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Transforming Normality into Pathology: The "DSM" and the Outcomes of Stressful Social Arrangements
Allan V. Horwitz
Journal of Health and Social Behavior
Vol. 48, No. 3 (Sep., 2007), pp. 211-222
Published by: American Sociological Association
Stable URL: http://www.jstor.org/stable/27638708
Page Count: 12
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The sociology of stress shows how nondisordered people often become distressed in contexts such as chronic subordination; the losses of status, resources, and attachments; or the inability to achieve valued goals. Evolutionary psychology indicates that distress arising in these contexts stems from psychological mechanisms that are responding appropriately to stressful circumstances. A diagnosis of mental disorder, in contrast, indicates that these mechanisms are not functioning as they are designed to function. The American Psychiatric Association's Diagnostic and Statistical Manual, however, has come to treat both the natural results of the stress process and individual pathology as mental disorders. A number of social groups benefit from and promote the conflation of normal emotions with dysfunctions. The result has been to overestimate the number of people who are considered to be disordered, to focus social policy on the supposedly unmet need for treatment, and to enlarge the social space of pathology in the general culture.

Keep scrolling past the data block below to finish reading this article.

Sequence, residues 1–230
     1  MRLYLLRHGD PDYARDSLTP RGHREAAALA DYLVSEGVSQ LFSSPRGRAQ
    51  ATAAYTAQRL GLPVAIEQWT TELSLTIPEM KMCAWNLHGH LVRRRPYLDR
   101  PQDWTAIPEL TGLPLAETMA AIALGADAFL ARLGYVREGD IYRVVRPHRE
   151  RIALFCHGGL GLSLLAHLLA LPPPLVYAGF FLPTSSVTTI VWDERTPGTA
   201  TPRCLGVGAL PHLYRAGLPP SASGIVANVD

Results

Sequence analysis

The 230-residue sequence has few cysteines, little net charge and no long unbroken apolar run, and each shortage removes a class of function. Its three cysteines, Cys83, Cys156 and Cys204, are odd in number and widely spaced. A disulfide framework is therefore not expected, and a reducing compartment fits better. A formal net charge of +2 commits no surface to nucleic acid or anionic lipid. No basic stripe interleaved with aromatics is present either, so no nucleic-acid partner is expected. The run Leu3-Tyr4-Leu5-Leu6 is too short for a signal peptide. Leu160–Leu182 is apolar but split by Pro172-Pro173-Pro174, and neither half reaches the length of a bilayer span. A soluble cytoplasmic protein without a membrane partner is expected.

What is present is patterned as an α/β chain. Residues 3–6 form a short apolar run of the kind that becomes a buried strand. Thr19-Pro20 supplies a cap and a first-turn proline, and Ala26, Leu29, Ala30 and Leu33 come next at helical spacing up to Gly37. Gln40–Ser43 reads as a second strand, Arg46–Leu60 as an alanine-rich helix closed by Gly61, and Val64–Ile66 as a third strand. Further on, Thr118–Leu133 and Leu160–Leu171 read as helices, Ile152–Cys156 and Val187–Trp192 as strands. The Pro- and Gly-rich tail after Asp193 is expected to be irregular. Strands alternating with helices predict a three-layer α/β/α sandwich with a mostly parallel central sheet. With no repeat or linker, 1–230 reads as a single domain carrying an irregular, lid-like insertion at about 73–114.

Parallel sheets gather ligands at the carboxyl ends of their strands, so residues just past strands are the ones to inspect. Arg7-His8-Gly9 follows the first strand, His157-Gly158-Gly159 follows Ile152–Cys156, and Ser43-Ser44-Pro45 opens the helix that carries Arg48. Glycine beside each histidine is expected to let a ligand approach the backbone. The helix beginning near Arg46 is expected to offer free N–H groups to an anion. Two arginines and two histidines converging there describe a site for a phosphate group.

Journal of Health and Social Behavior © 2007 American Sociological Association